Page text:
You’ve finally graduated university and are ready to go out into the real world. But with the stress of finding a new job and settling into a work routine, the impending doom of your student loan debt can become overwhelming. But the sooner you’re able to repay your loan, the sooner you’ll be able to earn the money you worked hard in university and now in your career for. But where do you start?
We have created this guide to help you simplify the process;
- Stop and make an effort to understand your loan. We’re lucky in New Zealand that our repayments are taken directly from our pay. Then use a debt calculator like IRD’s one to create a repayment schedule. This will help you figure out how much you need to repay each pay to repay it in full by a certain date. To do so, you’ll need your annual income and your current loan balance.
- Extra payments. Once you’re earning over a certain amount, your payments are deducted from your wage and pay it directly to IRD for you. This makes it simple for you and chances are you won’t even notice it. If you’ve already got a fair idea of how much you pay each pay, include an extra repayment amount in your next budget. Then include this in the calculator to see how much shorter extra payments will make your term.
- Create an emergency fund. This will prevent you from having to use your student loan repayment funds in an emergency. Instead of using budget-allocated income to cover the emergency, you have money you can tap into whether it’s to replace your car to ensure income preservation or an emergency trip overseas. How much you need will depend on your lifestyle, but enough to cover you for 3-6 months should be enough.
- Pay more whenever you can. You should already be paying extra after step 2, but if you get a tax refund, a bonus at work, or work some over time put it straight to your loan. Make sure to treat yourself occasionally, and see it as a reward to keep you motivated in sticking to your plan.
Remember the only time your loan will accrue interest is if you’re going overseas for 6 months or more. There are some exceptions, so make sure you understand the conditions before you jump the ditch for higher pay.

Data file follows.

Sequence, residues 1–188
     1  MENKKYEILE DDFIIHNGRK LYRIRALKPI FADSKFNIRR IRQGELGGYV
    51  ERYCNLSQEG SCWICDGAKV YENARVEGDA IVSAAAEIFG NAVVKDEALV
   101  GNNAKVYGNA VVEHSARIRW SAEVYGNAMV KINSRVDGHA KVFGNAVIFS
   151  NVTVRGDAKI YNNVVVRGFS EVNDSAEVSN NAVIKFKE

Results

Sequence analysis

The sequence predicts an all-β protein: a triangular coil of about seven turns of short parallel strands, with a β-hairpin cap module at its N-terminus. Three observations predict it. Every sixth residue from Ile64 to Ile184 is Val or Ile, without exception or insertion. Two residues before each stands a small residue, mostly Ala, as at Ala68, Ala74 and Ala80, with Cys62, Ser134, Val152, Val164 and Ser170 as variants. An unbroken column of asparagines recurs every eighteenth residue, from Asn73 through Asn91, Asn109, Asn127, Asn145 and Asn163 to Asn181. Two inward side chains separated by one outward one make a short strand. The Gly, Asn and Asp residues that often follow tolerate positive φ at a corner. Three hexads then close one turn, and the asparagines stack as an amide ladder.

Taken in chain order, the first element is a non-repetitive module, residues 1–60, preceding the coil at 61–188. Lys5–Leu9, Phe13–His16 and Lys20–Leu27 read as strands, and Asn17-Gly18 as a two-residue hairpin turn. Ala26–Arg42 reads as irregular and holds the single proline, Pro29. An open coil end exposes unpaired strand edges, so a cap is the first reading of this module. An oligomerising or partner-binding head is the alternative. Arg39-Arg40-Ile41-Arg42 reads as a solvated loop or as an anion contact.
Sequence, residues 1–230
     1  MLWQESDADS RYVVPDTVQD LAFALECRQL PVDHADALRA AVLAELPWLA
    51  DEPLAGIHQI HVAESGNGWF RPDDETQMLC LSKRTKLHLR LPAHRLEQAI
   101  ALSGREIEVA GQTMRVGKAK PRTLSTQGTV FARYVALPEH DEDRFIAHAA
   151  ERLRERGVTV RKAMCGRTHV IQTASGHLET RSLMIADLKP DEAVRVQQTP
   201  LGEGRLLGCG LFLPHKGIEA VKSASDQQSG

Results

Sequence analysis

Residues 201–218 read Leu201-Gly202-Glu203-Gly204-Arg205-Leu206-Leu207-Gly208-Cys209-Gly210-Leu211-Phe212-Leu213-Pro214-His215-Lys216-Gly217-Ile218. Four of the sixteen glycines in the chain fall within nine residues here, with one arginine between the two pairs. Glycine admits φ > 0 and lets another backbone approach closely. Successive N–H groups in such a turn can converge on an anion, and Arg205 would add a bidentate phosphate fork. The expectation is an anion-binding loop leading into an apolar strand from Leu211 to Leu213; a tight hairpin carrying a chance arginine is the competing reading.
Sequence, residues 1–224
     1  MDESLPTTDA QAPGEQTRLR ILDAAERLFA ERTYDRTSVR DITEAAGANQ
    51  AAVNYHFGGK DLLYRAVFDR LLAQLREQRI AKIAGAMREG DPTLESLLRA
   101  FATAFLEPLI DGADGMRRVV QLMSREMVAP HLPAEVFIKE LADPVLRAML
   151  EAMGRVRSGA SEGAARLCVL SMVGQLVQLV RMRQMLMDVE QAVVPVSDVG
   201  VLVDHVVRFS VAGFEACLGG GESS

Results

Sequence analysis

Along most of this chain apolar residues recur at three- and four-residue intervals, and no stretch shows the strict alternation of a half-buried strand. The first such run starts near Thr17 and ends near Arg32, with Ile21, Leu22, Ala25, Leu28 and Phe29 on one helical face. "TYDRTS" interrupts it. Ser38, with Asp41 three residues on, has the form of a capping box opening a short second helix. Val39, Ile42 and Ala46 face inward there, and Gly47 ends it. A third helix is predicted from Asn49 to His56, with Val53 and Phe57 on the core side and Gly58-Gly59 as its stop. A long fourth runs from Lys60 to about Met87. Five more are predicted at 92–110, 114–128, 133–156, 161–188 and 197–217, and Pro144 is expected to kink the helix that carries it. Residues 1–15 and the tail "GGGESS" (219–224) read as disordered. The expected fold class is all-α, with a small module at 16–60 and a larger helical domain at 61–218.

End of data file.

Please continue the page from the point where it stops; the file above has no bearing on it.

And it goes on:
What if I can’t afford to pay more?
The basic concept of coping financially when you can’t afford something is either cut costs or grow your income.
- Re-evaluate your housing situation, could you save money by renting with friends?
- Do you need your car or could you use public transport or downsize to a moped?
- Stop spending so much on entertainment. Instead of a fancy restaurant dinner, what about BYO wine at your local Indian or Chinese?
- Ditch your gym membership and exercise in the park with your friends instead, it’s free, fun and you’ll motivate each other.
- Start your own part time business. You could write blog content, manage another businesses’ social media, babysit or walk your neighbours’ dogs.
- Sell your old textbooks on TradeMe or Facebook.
- Find out about market research surveys where you can earn cash for your opinion.
- Have a garage sale or make a stall for your local markets.
- Sacrifice birthday, Christmas and graduation gifts and ask for payments to be made towards your loan. You may even get more having shown you know the value of your education and responsibility in dealing to your debt.
Disclaimer: The above information is general in nature and not intended to be financial advice. You should consider seeking professional advice before following any suggestions in this blog/website.